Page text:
For some people, that soothing moment might be found in a place of worship, or while staring at the moon. “The moon is so beautiful, and when you look at the moon you can’t help but notice the stars and the planets that are out in the night sky,” said Ms. May, who observes the phase of the moon regularly. “It’s just a lovely, lovely thing to do. Every day. And it’s so easy.”
Contemplate and reflect in your own way
If you want to spend more time in personal reflection but you are concerned about doing it the “right” way, set aside that concern. When Ms. May was learning to meditate, for instance, she aimed to do so twice a day for 20 minutes, but not before or after sleep, and never after a meal. Then she became a mother and finding the time to meditate became more difficult. “You come to a point in your life when you think, ‘This is just simply impossible,’” she said. “For a long time I thought, ‘I’ve failed. Obviously I should be able to do this.’”
Eventually, she had a realization: The problem wasn’t that she hadn’t tried hard enough, it was that those rules weren’t made for her. They had been created by someone who had never walked in her shoes. Now she meditates in a different way. Sometimes she does it for five minutes in the middle of the night, or while walking through the woods. “For me, it’s never been about clearing my mind,” Ms. May said. “It’s about undertaking the kind of slower work of processing all of those things that are itching at the back of your brain.”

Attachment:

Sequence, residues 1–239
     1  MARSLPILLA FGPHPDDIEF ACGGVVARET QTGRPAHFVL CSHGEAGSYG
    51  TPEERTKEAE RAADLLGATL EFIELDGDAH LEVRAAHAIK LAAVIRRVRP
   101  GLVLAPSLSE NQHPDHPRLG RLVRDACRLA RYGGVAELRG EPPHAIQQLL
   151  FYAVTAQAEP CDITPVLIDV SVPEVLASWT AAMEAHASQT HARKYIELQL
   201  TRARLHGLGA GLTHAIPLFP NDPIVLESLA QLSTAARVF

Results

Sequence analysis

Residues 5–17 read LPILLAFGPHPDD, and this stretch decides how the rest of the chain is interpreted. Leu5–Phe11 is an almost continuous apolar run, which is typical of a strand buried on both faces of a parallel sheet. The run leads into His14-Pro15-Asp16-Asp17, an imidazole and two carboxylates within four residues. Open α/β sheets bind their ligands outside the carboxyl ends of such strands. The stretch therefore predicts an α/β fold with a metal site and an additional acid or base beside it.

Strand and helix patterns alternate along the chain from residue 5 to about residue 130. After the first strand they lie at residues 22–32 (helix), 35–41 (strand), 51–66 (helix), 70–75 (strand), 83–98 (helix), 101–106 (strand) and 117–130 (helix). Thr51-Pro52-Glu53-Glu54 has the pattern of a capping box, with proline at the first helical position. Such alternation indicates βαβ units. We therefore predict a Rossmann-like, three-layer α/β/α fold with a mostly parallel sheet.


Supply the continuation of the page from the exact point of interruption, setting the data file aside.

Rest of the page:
Do it because it feels good
People tend to think that seeking pleasure for pleasure’s sake is somehow naïve, Ms. May said. In other words, we are more likely to assign worth to things that are considered practical and efficient. But you don’t need a set of data or another compelling reason to do something that brings you joy. For example, one of Ms. May’s hobbies is cold water swimming. She doesn’t do it to burn calories. Rather, it’s for “the sheer pleasure of being in that incredible space,” she said, not to mention “how sensual it is, and the amazing happy hormones it releases.”
And although Ms. May initially took a beekeeping class to learn how to make honey at home, this goal became less urgent when she became filled with awe as a student. “I could still, technically, do that, but I realize now that this is never what I really wanted,” Ms. May wrote in “Enchantment.” The enjoyment of it all — the connection with her teachers and classmates, the sensory delights — surpassed any practical ambitions. “I want to take it slowly, to absorb my lessons through the skin and the ears, to sometimes get stung,” she wrote of the experience. And she described the wonder she found in the class: “They are so loud when they all sing together, and with the smell of honey and propolis, the smoke, the way the whole box vibrates under your hands, it is quite absolute, this interaction of human and bee.”
Christina Caron is a reporter for the Well section at The New York Times, covering mental health and the intersection of culture and health care.